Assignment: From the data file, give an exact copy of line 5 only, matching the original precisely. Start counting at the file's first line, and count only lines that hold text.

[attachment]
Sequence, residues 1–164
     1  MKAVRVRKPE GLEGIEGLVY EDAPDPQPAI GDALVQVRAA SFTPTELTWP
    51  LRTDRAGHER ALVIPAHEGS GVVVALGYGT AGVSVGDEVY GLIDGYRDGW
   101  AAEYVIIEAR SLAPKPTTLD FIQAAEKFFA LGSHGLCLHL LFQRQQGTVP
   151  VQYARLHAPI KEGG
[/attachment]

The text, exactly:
   151  VQYARLHAPI KEGG